Letters for October 12, 2000
Re “My Stolen Self” by Debra Sherman (SN&R, Sept. 28):
Thanks for letting Debra Sherman tell us her story. We’ve all heard of this before, but never on such a personal level. Now we know that, once you are cloned illegally, your life is destroyed and the police authorities are next to worthless. So we need to hound our legislators until this crime puts the criminal in trouble, not the victim. I wish Ms. Sherman a better future.
Herb Redlack Carmichael
Cost of carelessness
Re “My Stolen Self” by Debra Sherman (SN&R, Sept. 28):
I agree with the detective who told Ms. Sherman that she was not the victim [of a crime]. As a matter of fact, her carelessness “caused” a crime to be committed. I don’t know what world she lives in, but the one I live in would have told me to either leave my purse at home or to lock it in the trunk of my car, out of sight.
At 30-some years old, she wants to teach school, which means she is going to be responsible for young lives. How can she be responsible for our children when she is obviously not responsible for her own affairs? She has also demonstrated a lack of self-control under pressure by yelling at people on the phone or not being able to articulate at all.
Thelma Johnson Sacramento
Re “Give It Up” (SN&R editorial, Sept. 14):
Your comment, “This is shameful,” is a gross understatement. The incarceration rate for young African-American men is a national disgrace and clearly a reflection of racial bigotry by legislators. We pass drug laws that go easy on the white middle-class kids and dump on the ghetto kids.
Additionally, the so-called “drug war” has to be one of the more stupid things that have happened in this country. We have criminalized what is essentially a health problem. It is too bad Gov. Davis does not have the guts of somebody like Gov. Johnson of New Mexico, who has moved to decriminalize non-violent use of drugs.
James G. Updegraff Sacramento
Best of where?
Re Best of Sacramento (SN&R, Sept. 21):
Another year, another chance for the Sacramento News & Review’s readers to show how unimaginative they are in choosing the best of Sacramento.
Readers of the San Francisco Bay Guardian would never think of naming out-of-town corporate franchises as “best of the Bay.” A couple of years ago, instead of choosing Blockbuster Video, the paper chose Le Video, a large video shop with a varied and eclectic collection of titles, including a large selection of wide-screen, as best video store.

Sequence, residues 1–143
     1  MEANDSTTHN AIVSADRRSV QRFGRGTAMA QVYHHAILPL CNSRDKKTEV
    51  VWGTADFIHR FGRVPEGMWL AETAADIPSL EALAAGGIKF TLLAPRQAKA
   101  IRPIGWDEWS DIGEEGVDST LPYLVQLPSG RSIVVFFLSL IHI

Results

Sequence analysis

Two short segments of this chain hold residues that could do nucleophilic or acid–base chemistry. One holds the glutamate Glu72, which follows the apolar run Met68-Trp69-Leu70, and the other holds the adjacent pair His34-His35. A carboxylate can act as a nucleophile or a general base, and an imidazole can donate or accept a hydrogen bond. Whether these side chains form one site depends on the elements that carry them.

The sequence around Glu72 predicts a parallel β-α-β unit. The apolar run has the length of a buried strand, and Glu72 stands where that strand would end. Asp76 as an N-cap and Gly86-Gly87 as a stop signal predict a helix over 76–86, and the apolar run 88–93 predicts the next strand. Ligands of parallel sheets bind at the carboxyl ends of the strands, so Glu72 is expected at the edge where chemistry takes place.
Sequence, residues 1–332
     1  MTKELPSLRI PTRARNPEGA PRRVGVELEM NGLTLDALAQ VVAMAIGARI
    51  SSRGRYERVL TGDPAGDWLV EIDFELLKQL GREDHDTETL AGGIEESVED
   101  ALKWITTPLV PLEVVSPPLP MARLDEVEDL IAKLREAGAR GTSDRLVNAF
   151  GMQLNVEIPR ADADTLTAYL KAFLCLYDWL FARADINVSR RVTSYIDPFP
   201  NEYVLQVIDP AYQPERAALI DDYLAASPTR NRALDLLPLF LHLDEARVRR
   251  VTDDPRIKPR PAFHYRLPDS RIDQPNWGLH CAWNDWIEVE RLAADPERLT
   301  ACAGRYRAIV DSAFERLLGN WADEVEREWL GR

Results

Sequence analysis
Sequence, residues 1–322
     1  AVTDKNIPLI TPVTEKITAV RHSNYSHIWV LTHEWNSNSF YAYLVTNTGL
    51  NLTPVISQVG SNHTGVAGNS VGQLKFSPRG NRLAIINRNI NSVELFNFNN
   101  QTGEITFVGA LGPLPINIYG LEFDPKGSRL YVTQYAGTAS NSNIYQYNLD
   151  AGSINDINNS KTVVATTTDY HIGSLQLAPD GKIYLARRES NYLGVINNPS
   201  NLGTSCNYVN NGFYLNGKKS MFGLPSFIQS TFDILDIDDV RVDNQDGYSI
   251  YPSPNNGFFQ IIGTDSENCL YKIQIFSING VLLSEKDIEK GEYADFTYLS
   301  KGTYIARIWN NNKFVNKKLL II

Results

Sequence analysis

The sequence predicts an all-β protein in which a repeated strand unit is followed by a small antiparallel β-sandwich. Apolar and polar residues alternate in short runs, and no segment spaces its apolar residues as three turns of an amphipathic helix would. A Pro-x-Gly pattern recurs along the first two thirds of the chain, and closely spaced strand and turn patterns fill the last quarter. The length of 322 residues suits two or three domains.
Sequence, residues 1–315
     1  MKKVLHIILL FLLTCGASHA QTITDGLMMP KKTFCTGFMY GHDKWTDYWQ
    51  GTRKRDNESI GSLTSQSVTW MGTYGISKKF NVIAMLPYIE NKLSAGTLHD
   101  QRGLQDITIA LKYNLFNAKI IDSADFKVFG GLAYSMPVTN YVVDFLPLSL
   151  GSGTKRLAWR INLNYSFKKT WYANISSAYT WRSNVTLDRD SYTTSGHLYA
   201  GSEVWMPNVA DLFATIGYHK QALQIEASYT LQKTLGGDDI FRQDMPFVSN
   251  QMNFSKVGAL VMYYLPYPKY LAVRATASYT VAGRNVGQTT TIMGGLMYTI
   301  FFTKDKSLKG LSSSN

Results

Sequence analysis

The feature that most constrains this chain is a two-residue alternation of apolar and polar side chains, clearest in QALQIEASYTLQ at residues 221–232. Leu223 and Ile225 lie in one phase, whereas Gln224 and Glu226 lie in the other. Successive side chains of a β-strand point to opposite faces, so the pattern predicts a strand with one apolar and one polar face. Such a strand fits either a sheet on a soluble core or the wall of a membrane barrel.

But alas, Sacramento doesn’t seem to be as iconoclastic as its Bay Area counterpart. So in, among other places, New York City (corporate headquarters of Viacom, which owns Blockbuster Video and the Virgin megaspore, and AT&T, which owns AT&T Wireless), Cincinnati (corporate headquarters of Federated, which owns Macy’s), Fort Worth (corporate headquarters of Tandy, which owns Radio Shack, Louisville (corporate headquarters of Trion Global Restaurants, which owns Taco Bell), Atlanta (corporate headquarters of Home Depot), Seattle (corporate headquarters of Nordstrom), Plano, Texas (corporate headquarters of J.C. Penney), and San Francisco (corporate headquarters of The Gap, which owns The Gap and Old Navy), CEO’s were probably celebrating when they heard that News & Review readers voted their corporate franchises as—forgive the expression—the best of Sacramento.
Ferchrissakes, people, don’t be so goddamned disappointing next year!
Allen Turner Sacramento
The camel’s nose
Re “Take a Stand” (SN&R Editorial, Oct. 5):
When the Sacramento County Board of Supervisors established an urban-services boundary as part of Sacramento County’s General Plan in 1993, it was to combat suburban sprawl, a disease that is infesting the entire state of California. Developer and land speculator C. C. Myers wants to change the rules for his own benefit.
The hoopla that Myers gave out to qualify his initiative (now Measure O) was: “Save Our Seniors!” The parcel of land that he wants to “develop” is Deer Creek Hills, in the rolling foothills at the edge of Sacramento County.
Why do our seniors want to be “saved” on such land, miles from any community? Were they asked? No, this is a manifestation of how wealthy executives dream of retiring—to “get away from it all” and to play golf day after day, week after week.
But do such retirees consider what they will want when the novelty wears off, when they become 80 or 90 years old? What will they do when they tire of the golf course—the same old view, the same old things to talk about with their buddies?
Well, C. C. Myers promises a road will be cut to Highway 50 to make driving easier. But the older you get, the less inclined you are to be driving at all. How about a bus? Well, that adds to the air pollution—and Sacramento County is one of the worst for pollution. Further, the Delta breezes blow the pollution toward the foothills—a hazard for older people with lung problems.
“Save our seniors?” Bosh! When I was planning my retirement, I decided on four requirements: (1) I wanted to keep in touch with people of various ages. There is nothing as devastating to a senior as isolation. I wanted to live near a community with cultural activities that I could join, where my mind could still be challenged in the exchange of ideas. (2) To live near public transportation. (3) To live near good health facilities—clinics and hospitals. (4) Good entertainment—concerts, plays, movies.